Previous work done in this field and solution of this problem:
The previous is grouped into two major categories. In the first approach is the optimal solution of the problem under restrictive assumption and the second approach is heuristic. Hoffer developed an nonlinear zero one program for the solution of the petitioning problem which minimize linear combination of the problem retrieval and update cost.Babed formulated the less restricted vertical problem in this model one sub record is created as a primary record all requested addressed to this sub record. This problem is un manageable when large attributes.
Papers of the second category describe heuristic approaches to the attribute partitioning problem. We agree with Hammer and Niamir that the general vertical partitioning problem is “heuristic in nature,” and that optimal methods cannot deal with it adequately. Hoffer and severance measure the affinity between attribute and used bond energy algorithm. Their attribute similarity function uses the notion of an attribute being “required for processing,” or “required only if the record is selected,” or finally “not required.” We feel that in database systems the first and the second cases cannot be distinguished because all attributes of the same record are accessed together; therefore, we prefer the notion of logical accesses. In the Hoffer length approach that update a fragment of long length attribute or small length attribute. But in this paper we not use length factor to measure affinity. Hammer and niamer try to summarize unsolved problem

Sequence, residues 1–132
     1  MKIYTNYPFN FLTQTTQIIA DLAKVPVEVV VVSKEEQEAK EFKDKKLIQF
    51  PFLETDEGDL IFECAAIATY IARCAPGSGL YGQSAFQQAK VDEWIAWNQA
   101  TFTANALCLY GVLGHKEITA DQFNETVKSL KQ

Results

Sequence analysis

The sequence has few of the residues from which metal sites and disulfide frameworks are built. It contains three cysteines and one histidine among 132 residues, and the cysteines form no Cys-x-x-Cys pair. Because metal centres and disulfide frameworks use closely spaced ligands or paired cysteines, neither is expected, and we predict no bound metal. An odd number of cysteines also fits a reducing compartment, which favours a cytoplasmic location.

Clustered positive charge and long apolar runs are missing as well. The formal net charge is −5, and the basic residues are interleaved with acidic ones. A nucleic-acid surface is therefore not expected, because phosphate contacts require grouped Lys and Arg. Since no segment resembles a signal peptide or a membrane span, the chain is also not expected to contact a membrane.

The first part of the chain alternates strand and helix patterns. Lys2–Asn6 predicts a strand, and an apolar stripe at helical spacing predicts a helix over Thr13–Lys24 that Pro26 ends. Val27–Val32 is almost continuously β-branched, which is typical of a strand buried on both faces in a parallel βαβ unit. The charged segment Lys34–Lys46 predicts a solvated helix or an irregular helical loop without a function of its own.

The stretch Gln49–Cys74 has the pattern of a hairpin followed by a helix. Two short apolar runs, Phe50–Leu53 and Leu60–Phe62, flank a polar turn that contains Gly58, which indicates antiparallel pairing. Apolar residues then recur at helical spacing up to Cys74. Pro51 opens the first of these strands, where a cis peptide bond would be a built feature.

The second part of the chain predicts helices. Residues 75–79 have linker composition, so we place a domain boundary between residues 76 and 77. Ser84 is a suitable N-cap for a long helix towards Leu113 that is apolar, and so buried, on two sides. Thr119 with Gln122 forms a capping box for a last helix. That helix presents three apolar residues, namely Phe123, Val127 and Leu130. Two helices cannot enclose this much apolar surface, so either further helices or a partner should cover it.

BEB try to ordering the attribute but is left unsolved to clump the attributes together to form fragments. Similarity of pairs of attributes can be inadequate if the similarity among larger groups of attributes is not taken into account Our present paper extends the results of by giving algorithms for the design of fragments that perform the activity for automatically and by taking into account in our algorithms “blocks” of attributes with similar properties,

The hammer and nimear used grouping technique heuristic starts by assigning each attribute to a different partition; The major criticism of this approach is regarding the direction in which to explore the lattice-while Hammer and Niamir proceed “up” by grouping, we proceed “down” by splitting. The rationale behind this approach is that the “optimal” solution, in our opinion, is much closer to the group composed of all attributes, assumed to be our starting point, than to groups that are single attribute partitions.
Further extensions of this work will be in the direction of developing site-specific affinity measures for distributed databases, of incorporating different transaction processing strategies, and of considering new applications of vertical partitioning, such as parallel processing of transactions.